Preterm birth may increase the risk of childhood asthma and wheezing disorders

A new study has linked preterm birth with childhood asthma and wheeze.

A new study suggests that the earlier a baby is born preterm the greater the risk is of developing asthma and wheezing disorders during childhood.

The average pregnancy lasts for 37-42 weeks. A baby is preterm if it is born before 37 weeks of pregnancy. The earlier a baby is born, the less developed its organs will be, which can cause health problems.

The findings, published in Plos Medicine, are based on a review of 30 studies that investigated the association between preterm birth and asthma/wheezing disorders among 1.5 million children. These studies were conducted between 1995 and September 2013, a time span chosen to allow for recent changes in the management of prematurity.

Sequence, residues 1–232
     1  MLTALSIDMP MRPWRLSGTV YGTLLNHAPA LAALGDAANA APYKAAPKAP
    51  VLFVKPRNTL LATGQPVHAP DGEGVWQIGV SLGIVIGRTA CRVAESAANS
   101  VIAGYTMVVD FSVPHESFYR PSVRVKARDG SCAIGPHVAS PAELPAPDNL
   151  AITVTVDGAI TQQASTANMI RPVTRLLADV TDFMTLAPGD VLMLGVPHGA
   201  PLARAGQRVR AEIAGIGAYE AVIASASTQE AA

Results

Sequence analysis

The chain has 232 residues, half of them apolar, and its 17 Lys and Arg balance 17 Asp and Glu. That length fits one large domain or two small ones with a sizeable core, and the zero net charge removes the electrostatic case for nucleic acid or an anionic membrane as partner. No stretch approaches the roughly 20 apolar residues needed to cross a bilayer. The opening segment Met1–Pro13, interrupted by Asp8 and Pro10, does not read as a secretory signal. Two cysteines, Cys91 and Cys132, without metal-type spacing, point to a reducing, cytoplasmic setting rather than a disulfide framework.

Across the studies, 13.7% of preterm babies developed asthma/wheezing disorders compared with 8.3% of babies born at term, representing a 70% increased risk. Children born very early (before 32 weeks gestation) had approximately three times the risk of developing asthma/wheezing disorders compared with babies born at term.

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Read the original research paper

Read the ELF factsheet on preterm birth and the lungs

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